Writing in the BMJ, Dr Heath said that many of the White Paper’s proposals seemed ‘misguided and precipitate’. Clinicians are tired of competing and experiences from Scotland and Wales show that rejecting competition does not harm healthcare provision, she argues.
Earlier this month, RCGP chairman Professor Steve Field said the White Paper was a once-a-career opportunity for many GPs, who had seen the profession sidelined in the past.
Professor Field has also said the White Paper ‘proposes what we have been calling for for years - greater involvement and leadership from GPs’.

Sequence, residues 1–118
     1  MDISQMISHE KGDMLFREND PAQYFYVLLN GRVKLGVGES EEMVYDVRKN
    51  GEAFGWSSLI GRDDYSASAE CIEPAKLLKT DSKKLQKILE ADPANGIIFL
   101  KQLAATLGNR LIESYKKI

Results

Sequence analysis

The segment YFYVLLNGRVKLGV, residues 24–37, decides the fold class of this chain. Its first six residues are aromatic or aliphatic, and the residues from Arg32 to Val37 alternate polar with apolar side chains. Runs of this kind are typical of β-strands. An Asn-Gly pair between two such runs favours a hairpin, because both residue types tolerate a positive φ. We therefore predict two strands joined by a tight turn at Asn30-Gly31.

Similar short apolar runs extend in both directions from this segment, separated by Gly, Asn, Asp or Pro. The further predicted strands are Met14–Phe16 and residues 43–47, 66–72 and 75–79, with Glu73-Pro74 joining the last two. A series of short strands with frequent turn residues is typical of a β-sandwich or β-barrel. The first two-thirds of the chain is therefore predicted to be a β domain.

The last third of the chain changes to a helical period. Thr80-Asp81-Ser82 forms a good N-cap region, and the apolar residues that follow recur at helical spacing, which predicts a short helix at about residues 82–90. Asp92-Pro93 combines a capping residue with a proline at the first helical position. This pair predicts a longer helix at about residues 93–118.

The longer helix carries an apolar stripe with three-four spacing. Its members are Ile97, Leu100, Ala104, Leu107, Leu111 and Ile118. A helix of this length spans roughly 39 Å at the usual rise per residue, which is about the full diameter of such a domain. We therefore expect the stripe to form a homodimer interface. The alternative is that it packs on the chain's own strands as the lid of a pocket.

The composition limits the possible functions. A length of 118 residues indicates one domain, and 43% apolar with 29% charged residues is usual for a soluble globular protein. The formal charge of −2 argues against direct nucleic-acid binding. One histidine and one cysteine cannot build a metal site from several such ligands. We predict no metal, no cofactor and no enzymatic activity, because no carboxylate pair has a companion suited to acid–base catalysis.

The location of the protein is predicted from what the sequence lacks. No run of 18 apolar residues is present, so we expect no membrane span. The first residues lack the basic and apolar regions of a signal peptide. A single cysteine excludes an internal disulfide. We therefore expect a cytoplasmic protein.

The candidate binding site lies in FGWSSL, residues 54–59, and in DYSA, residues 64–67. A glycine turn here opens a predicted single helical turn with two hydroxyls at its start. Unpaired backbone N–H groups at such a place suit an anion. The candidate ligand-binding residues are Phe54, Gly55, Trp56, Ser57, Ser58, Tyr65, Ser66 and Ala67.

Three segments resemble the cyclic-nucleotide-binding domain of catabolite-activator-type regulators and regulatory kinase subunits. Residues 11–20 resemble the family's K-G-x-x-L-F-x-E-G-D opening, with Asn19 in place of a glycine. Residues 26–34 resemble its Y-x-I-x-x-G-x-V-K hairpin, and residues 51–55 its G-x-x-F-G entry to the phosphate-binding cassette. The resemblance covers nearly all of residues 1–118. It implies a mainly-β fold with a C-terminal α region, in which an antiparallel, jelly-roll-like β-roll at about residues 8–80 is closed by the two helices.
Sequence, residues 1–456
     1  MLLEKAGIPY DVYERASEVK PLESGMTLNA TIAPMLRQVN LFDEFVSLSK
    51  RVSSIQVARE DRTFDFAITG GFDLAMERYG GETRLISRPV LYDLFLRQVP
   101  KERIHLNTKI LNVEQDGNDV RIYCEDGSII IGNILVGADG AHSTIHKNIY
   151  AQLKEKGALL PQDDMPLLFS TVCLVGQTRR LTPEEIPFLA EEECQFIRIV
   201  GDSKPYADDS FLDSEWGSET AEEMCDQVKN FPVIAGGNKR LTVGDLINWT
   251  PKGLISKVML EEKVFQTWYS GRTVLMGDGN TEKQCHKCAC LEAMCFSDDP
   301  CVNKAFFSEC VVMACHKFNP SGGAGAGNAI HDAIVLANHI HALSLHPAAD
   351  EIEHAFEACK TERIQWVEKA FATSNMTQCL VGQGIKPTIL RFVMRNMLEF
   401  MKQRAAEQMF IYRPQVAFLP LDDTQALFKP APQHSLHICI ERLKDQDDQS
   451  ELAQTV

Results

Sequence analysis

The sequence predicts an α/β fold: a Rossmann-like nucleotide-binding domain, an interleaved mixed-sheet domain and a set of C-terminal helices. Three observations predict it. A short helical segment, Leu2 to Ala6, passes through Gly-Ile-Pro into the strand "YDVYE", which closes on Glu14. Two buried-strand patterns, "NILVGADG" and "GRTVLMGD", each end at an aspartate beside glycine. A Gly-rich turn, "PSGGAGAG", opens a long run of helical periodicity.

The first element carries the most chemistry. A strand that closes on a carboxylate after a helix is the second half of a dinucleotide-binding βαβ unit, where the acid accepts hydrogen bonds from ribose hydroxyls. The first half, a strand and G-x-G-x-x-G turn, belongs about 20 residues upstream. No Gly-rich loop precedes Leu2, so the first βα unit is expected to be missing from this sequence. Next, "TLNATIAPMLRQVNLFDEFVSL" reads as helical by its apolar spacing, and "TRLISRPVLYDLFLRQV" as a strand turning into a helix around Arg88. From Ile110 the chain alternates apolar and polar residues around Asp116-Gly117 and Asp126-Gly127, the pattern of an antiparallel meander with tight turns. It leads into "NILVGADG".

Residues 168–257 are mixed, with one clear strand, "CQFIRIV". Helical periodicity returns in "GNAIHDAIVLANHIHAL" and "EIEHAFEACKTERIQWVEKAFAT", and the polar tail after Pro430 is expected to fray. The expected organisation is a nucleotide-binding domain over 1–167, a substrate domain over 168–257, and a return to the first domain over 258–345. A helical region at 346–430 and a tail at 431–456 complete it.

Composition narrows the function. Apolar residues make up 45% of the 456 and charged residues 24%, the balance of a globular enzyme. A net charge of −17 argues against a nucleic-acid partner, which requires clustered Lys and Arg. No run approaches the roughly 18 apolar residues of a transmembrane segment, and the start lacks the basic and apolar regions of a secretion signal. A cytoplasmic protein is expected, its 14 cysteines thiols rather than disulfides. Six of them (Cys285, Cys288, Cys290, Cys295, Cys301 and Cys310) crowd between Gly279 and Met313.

Dr Heath said that the government’s enthusiasm for GP commissioning may not be due to raised respect for the profession.
‘The readiness with which the government wishes to redeploy GPs may reflect the traditional undervaluing of the clinical task of general practice,’ she suggests.
She questioned the lack of consultation in the development of the government’s plans, asking: ‘Why has there been no open public debate about the creeping privatisation of provision and the ever expanding role of management consultants and large commercial firms?'
'Why the apparent decision to prioritise general practitioners in the hierarchy of decision making, and why the determination to persist with the quasi-market and the purchaser-provider split after the "20 years of costly failure" so graphically described by the parliamentary health select committee and in the face of widespread opposition from professionals and citizens alike?’